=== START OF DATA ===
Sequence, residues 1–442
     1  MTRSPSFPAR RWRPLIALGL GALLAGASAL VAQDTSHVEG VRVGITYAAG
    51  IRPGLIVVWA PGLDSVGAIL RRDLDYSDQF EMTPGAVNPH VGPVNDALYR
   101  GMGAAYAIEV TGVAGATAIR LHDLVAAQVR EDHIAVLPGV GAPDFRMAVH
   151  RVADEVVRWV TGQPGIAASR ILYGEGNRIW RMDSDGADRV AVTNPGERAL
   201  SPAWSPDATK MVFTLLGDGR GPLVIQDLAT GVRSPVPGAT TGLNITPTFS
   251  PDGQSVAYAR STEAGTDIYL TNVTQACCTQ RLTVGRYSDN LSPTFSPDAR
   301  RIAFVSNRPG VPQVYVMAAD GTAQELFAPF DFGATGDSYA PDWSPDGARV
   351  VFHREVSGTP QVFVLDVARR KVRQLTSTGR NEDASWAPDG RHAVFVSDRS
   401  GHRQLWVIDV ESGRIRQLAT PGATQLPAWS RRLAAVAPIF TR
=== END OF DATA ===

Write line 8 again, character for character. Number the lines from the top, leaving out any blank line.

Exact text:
   301  RIAFVSNRPG VPQVYVMAAD GTAQELFAPF DFGATGDSYA PDWSPDGARV